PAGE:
Government to use first ‘guillotine’ to put deadline on insurance debate

Deadline of one hour set for Bill to resolve cases linked to collapse of Setanta Insurance

The Government will use a guillotine for the first time since it came into office to pass legislation to deal with the fallout from the collapse of Setanta Insurance group in 2014.

The Government will use a guillotine for the first time since it came into office to pass legislation to deal with the fallout from the collapse of Setanta Insurance group in 2014.

 

The Government will use a guillotine for the first time since it came into office to pass legislation to deal with the fallout from the collapse of Setanta Insurance group in 2014.

Measures in the Insurance Amendment (Bill) once passed will mean that Setanta customers with claims will have them met in full by the Insurance Compensation Fund, responsibility for which transfers to the Central Bank.

Claims from the Insurance Compensation Fund are currently restricted to 65 per cent or €825,000, whichever is lower. Under the Bill 100 per cent of personal injury claims will be met. Currently 1,577 Setanta claims are still open and 751 claimants have not received any compensation at all.

The Bill will also deal with future cases where motor insurance companies go into liquidation.

It had been expected that the Bill would be referred to a select committee which meant it would be the autumn before it came back to the Dáil to be passed.

But following complaints from TDs, the Dáil business committee agreed that the committee, report and final stages of the legislation will be dealt on Thursday with a one hour guillotine or deadline on the debate.

In a move announced by Government Chief Whip Minister of State Joe McHugh that the House would consider the Bill and only amendments from the Minister for Finance will be accepted.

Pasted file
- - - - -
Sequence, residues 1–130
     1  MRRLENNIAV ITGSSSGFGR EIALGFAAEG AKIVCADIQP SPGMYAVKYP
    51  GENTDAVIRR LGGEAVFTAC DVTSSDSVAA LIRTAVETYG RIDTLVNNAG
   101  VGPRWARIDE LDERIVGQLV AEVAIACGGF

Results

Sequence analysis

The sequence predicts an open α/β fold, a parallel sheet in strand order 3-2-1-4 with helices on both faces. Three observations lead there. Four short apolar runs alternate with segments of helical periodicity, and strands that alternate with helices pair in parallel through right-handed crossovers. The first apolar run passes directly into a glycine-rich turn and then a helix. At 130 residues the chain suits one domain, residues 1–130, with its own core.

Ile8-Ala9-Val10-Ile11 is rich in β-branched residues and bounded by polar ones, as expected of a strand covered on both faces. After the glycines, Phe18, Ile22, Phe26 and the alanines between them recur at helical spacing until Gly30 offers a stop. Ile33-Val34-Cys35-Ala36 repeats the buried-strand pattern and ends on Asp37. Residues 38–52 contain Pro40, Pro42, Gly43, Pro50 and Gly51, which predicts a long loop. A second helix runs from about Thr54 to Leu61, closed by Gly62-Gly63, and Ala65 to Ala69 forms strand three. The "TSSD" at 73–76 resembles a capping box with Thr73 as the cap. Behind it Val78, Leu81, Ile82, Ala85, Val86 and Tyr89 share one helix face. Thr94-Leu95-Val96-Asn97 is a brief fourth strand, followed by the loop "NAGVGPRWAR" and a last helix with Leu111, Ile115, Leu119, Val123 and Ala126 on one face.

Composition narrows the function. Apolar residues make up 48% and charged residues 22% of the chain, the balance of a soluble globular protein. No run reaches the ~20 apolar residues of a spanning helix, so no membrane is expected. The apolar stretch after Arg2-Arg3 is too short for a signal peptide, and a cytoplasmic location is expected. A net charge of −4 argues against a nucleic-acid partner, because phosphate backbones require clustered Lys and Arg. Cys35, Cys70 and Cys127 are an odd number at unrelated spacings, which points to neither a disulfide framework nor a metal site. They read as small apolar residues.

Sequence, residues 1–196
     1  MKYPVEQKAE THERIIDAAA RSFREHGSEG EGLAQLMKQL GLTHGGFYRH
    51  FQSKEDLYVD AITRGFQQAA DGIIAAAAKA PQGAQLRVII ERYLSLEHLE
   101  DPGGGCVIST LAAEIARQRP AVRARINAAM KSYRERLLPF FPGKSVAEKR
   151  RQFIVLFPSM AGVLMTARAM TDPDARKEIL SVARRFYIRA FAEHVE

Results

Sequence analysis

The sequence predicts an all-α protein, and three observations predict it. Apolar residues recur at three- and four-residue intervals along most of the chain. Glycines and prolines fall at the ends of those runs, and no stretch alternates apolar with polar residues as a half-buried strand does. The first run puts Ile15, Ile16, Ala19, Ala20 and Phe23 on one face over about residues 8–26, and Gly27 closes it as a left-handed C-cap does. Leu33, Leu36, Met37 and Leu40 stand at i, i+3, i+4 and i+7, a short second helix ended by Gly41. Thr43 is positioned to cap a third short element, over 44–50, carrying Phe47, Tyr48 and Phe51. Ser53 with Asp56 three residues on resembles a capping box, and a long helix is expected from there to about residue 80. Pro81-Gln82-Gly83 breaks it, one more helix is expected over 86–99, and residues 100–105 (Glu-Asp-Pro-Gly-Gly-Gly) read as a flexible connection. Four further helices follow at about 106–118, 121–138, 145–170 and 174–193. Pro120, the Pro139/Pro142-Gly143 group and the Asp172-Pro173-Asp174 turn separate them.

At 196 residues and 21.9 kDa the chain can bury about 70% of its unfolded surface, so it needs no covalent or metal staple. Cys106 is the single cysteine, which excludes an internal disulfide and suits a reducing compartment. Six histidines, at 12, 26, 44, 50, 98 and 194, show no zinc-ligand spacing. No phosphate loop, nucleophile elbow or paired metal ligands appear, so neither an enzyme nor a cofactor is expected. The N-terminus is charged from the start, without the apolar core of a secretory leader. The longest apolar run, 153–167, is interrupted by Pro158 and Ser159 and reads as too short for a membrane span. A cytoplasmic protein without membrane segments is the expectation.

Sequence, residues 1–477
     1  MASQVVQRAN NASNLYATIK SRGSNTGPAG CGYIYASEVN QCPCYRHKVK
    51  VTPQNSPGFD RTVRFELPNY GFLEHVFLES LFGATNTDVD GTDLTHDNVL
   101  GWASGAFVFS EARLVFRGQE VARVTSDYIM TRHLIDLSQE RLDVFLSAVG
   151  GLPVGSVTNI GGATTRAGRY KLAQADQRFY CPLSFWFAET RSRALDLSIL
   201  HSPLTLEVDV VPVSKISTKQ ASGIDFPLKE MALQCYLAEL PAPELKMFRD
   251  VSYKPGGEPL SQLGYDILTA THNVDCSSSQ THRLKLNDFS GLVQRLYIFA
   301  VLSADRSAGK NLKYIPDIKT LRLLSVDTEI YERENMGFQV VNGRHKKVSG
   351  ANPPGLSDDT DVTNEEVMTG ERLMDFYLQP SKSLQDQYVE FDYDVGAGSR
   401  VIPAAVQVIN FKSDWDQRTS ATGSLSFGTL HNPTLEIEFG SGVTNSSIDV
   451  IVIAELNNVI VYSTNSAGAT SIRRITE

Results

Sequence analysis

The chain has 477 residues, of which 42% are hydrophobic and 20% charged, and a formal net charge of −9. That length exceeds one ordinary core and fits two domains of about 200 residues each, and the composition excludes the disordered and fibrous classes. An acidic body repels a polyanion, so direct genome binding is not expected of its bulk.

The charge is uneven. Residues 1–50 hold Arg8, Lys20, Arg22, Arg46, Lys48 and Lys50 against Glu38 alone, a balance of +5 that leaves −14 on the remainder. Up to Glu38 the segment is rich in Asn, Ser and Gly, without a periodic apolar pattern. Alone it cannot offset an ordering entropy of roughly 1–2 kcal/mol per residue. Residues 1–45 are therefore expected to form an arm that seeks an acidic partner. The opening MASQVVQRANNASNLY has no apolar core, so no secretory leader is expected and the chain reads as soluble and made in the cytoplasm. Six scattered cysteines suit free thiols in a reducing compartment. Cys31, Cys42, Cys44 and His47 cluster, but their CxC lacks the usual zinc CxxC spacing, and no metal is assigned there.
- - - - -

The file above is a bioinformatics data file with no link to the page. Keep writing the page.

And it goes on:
Debate on the controversial Road Traffic Amendment Bill had been cut short after Social Democrats TD Catherine Murphy called for section 68 of the Dáil’s standing orders or rules to be invoked to end a filibuster on the legislation.

But the insurance legislation is the first Bill the Government has imposed a deadline on.

During finance questions in the Dáil Minister of State for Finance Michael D’Arcy who is steering the legislation through the Oireachtas said “the reason insurance is high in this jurisdiction is because of the level of awards”.

He expressed surprise that during the debate on the second or introductory debate stage of the Bill, nobody talked about the cost of awards.

The Department of Finance did a report comparing Irish insurance awards with the UK and found that “Irish awards are between three and five and a half times more than a similar award in the UK. We are out of kilter with most other jurisdictions,” the Minister said.

“This is the big issue we have to deal with,” and he had no function in reducing awards. That was a matter for the Law Reform Commission.

Fianna Fáil finance spokesman Michael McGrath said the Minister “seems to be saying is that we are heading towards a referendum if we want to deal with the issue of the level of awards which are impacting on the insurance industry and consumers”.

Sinn Féin finance spokesman Pearse Doherty said that anybody injured in a motor accident who had a legitimate claim should be paid an award. He said the issue was that in some cases people were over claiming and the courts were not questioning those issues.

But he pointed out that “the insurance industry is under investigation for cartel-like activity. We need robust legislation and action from the Government which deals with this not only for motor insurance but for businesses as well and the community sector.”

But the Minister said “the sanction for people who represent an exaggerated or fraudulent claim is a fine of €100,000 or prison or both. We do not need any more than that.”